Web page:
Habitat for Humanity Summer Youth Blitz

  • Website: http://www.habitat.org
  • What Is It? Habitat for Humanity's summer programs for teens. 15-20 participants and adult leaders "blitz build" a Habitat house in two weeks. Habitat for Humanity is a nonprofit organization that builds affordable houses in cooperation with people who need housing.
  • Who Goes? Teens between the ages of 16 and 18 from across the U.S. Habitat for Humanity also offers projects for campus groups.
  • Registration Fill out this form to request an application. Registration for 2005 is closed, but you can plan ahead and get on the list for 2006.
  • Cost Participants are responsible for their transportation to and from the city of their "blitz build," plus a $450 program fee, which covers room, board and supplemental medical insurance during the program. There are a limited number of scholarships available.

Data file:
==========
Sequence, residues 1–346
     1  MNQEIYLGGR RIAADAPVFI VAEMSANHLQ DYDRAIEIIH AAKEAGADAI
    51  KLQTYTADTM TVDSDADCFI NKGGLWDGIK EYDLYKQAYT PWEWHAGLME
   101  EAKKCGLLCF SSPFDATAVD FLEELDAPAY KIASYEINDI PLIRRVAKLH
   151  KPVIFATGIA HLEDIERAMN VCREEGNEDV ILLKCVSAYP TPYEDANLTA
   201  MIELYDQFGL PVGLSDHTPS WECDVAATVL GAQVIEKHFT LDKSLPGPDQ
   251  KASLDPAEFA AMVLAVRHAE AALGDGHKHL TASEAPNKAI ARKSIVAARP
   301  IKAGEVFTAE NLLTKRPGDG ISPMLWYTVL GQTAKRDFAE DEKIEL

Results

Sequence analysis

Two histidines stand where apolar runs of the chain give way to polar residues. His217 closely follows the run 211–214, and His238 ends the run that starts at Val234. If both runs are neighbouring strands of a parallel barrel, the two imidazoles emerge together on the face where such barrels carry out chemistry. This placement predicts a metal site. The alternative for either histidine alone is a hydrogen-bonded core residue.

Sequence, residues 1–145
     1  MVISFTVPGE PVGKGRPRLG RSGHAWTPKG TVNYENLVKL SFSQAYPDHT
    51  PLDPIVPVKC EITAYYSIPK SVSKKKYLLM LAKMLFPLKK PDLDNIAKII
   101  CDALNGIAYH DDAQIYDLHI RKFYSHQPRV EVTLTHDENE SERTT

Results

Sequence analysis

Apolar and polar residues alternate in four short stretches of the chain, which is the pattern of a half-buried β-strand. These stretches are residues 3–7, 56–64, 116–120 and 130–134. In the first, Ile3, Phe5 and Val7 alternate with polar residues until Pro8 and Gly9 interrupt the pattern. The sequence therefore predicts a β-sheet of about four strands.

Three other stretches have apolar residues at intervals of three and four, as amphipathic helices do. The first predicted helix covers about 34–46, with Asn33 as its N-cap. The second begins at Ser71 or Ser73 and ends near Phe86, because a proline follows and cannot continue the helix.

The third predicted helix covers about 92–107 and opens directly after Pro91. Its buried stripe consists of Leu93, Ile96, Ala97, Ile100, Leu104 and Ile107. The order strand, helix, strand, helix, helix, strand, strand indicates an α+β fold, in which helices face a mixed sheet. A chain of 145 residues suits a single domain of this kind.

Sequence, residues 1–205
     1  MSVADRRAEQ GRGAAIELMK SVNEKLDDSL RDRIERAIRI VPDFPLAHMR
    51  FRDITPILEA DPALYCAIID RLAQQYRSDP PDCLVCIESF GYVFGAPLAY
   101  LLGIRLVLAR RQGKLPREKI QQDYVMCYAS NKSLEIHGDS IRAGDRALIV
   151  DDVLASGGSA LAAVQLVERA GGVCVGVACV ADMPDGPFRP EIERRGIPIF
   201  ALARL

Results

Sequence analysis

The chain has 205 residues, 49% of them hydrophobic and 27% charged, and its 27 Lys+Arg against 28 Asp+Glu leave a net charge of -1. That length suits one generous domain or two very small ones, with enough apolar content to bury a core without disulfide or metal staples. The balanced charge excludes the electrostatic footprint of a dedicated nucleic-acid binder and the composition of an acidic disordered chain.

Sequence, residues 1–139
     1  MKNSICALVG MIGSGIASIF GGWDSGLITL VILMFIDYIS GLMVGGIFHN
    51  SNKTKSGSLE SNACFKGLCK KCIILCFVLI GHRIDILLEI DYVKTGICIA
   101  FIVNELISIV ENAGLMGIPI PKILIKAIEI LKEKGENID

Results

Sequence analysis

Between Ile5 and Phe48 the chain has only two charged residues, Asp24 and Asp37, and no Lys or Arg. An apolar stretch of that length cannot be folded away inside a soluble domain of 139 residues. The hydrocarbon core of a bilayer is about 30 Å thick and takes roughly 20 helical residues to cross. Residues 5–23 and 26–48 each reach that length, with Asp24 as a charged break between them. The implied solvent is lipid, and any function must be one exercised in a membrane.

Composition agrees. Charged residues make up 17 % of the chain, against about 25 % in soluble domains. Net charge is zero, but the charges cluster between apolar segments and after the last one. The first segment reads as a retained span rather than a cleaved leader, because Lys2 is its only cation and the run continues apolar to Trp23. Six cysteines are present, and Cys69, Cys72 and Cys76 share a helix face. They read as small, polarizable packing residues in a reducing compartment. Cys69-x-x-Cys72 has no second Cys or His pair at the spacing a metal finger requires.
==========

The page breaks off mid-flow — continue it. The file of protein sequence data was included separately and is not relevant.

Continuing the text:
• Appalachia Service Project

  • Website: http://www.asphome.org
  • What Is It? An emergency home repair ministry program. Youth groups and their accompanying adult leaders from across the country come to Central Appalachia to provide free home repairs for families in need. You'll spend one week repairing homes, studying Appalachian issues, and learning about Christian service.
  • Who's Going? Youth aged 14 and up, and their accompanying adult leaders. Volunteers come from across North America. ASP is a Christian ministry, open to all people.
  • Registration Sign up with your group. Applications for Summer 2006 will be due by November 1, 2005. Please register early to secure your group's spot.
  • Cost About $275 per person (includes room and board)
  • Happy Camper Comment 1997 Youth Volunteer: "I went for the first time in 1997 and it honestly blew me away... Before ASP, my youth leaders stressed the importance of humility and `doing it for God.' I think keeping that in my mind helped make ASP such an awesome experience for me and the family served."
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    Careful Camping

    When you choose a program, make sure to grill the program directors. Ask how many people each staff member is responsible for, who those staff members are, and what they do if you break the rules. Make sure to ask about any accreditations the camp might have.

    Also, ask for phone numbers of past attendees--then you get the dirt firsthand.

    Happy camping!